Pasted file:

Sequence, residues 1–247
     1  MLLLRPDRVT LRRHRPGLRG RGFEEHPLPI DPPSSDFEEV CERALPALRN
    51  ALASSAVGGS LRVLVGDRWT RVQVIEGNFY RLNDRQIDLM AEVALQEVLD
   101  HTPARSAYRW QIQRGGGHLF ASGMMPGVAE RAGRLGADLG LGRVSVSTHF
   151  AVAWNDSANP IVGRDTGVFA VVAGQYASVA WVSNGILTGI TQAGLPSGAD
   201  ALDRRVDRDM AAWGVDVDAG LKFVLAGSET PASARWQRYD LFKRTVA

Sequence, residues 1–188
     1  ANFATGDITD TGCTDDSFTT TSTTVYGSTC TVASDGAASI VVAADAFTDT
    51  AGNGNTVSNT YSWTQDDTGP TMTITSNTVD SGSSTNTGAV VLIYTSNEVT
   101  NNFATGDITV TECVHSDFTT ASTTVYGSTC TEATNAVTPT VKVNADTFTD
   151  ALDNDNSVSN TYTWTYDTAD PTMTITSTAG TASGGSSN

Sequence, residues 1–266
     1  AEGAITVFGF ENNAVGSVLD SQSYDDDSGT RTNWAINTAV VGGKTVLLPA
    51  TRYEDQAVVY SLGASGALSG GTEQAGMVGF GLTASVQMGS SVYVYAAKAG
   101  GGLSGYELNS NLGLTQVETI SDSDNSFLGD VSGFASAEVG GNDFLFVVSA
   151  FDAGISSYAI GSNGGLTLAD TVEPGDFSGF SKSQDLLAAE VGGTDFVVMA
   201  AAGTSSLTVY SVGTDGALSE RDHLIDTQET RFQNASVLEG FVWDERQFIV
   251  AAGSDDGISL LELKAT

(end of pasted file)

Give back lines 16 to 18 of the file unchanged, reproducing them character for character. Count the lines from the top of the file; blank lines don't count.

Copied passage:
   151  FDAGISSYAI GSNGGLTLAD TVEPGDFSGF SKSQDLLAAE VGGTDFVVMA
   201  AAGTSSLTVY SVGTDGALSE RDHLIDTQET RFQNASVLEG FVWDERQFIV
   251  AAGSDDGISL LELKAT